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Viridis3D Shows Off the Digital Foundries of the Future

EnvisionTEC partner Viridis is working diligently to bring the future of digital foundries closer to the present, for even the smallest foundries. The company is in the beginning stages of offering an all-new and affordable form of 3D printing — Robotic Additive Manufacturing — that has the potential to dramatically streamline operations and give users a competitive edge.

While Robotic Additive Manufacturing isn’t the only innovative product being offered to foundries today, it does give a glimpse into the future of foundries, where 3D printing and other digital technologies present a new and improved way of doing business.

Change, in and of itself, can be challenging. But figuring out precisely when and how to change — especially when large capital investments are necessary — can be an especially vexing problem when margins are thin and there’s little room for error.  Looking on the horizon, it is crystal clear that foundries will be going digital, but, at the same time, questions about when and how that change will take place are less certain.

Consider this: Computer-aided design, or CAD, is a mature technology in the marketplace, but even today, some foundries aren’t using it, showing that some businesses set in their ways continue to tiptoe toward the future, no matter the benefits that may await them.

As large foundry customers — primarily big original equipment manufacturers or OEMs — continue to build out their own cycles of digital design, product development and manufacturing, they will eventually expect their suppliers to be all-digital as well, so their whole supply chain can deliver a virtuous circle of benefits.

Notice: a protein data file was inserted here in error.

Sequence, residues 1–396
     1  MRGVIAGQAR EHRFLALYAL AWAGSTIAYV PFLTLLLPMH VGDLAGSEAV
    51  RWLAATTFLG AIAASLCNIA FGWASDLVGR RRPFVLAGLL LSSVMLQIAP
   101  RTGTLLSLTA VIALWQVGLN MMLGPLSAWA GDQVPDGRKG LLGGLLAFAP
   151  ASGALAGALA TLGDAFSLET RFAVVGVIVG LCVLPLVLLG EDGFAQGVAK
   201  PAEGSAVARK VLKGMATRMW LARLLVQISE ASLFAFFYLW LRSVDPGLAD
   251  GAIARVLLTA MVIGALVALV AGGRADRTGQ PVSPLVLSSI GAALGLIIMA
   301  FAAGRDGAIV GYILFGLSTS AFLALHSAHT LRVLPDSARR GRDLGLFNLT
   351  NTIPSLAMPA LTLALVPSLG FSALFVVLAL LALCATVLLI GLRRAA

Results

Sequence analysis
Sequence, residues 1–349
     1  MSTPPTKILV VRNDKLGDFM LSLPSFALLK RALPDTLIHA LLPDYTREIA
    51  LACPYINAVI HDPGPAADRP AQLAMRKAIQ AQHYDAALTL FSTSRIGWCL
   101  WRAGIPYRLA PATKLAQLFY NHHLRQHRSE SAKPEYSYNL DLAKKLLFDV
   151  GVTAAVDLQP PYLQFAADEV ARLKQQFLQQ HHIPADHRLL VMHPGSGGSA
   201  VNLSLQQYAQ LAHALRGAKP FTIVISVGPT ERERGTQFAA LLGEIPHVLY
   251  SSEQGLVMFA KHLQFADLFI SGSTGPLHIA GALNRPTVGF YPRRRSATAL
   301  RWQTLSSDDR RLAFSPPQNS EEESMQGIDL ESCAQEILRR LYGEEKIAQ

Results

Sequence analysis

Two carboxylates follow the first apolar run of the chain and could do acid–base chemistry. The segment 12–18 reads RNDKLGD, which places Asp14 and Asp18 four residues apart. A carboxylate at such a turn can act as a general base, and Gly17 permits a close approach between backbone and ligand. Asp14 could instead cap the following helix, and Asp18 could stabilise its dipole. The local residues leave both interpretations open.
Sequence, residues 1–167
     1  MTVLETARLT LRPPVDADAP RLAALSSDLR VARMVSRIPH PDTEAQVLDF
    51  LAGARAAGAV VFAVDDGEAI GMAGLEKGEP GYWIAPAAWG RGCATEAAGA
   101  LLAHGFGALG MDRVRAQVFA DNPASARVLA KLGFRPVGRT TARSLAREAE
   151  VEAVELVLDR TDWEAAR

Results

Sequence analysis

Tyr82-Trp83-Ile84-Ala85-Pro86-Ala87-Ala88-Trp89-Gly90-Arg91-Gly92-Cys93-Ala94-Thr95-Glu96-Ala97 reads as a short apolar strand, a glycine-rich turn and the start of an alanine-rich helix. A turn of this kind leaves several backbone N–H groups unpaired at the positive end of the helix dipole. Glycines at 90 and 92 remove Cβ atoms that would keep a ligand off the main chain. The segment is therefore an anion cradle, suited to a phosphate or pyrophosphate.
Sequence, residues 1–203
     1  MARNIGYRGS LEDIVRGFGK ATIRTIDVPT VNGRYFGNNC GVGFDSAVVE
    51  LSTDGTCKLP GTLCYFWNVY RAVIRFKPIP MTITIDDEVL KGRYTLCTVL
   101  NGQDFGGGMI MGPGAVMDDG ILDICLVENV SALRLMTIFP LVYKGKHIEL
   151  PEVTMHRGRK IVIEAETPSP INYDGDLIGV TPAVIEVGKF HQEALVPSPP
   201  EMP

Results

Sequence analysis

Saving Time

Anyone in the foundry business knows that time is money, and that building match plates and molds and cores takes time — anywhere from a few days to a few weeks. Most methods require highly skilled labor, either a woodworker who can read drawings or a CNC machinist who can program an expensive milling machine. Over the years, there’ve been a variety of strategies to reduce the time needed to create a match plate for molds and cores. Some of these innovations have had longer legs than others. This technology is simple. A print head is attached to a high precision, multi-axis robot arm from ABB. The arm moves the print head in a Cartesian X and Y direction across a work table that is free of a box.

3D printing of sand molds

One side of the print head deposits a layer of sand, which has been mixed with a reactive additive. The other opposing side of the print head, meanwhile, features 12 print heads that jet a binding agent onto the sand, producing a final level of detail to XX microns, depending on the sand used. When the job is done, the part cures on the table for about 30 minutes before it’s ready for casting. This new technology offers the ability to go from CAD file to casting in just a few hours, depending on the size of the mold or core being build. For the customers of foundries, this offers an obvious competitive advantage compared to foundries that aren’t using such technology.

Counting the Digital Benefits

While the time savings are obvious, the turnkey system also offers the ability to operate without the expense of a skilled woodworker or machinist. Once a foundry has gone digital, there are many other cost-saving benefits, too. For one, there is no longer a need to store mold and core patterns. If a digital file of the matchplate doesn’t already exist, the existing inventory of patterns can be 3D scanned, stored on a hard drive and the physical asset can be trashed, freeing up space for more productive uses. What’s more, once patterns are on a digital file, changes are easy and less time consuming and costly for both customers and foundries. As technology changes, so does the pricing which is bringing the difficult decision to change a bit closer to reality for many. Even if you don’t think the time is right for your foundry to go digital, it would be wise to keep your head out of the sand and looking toward the horizon, because digital changes are coming and your ability to compete could depend on when and how you decide to make the change.

 

About Anthony Lowder

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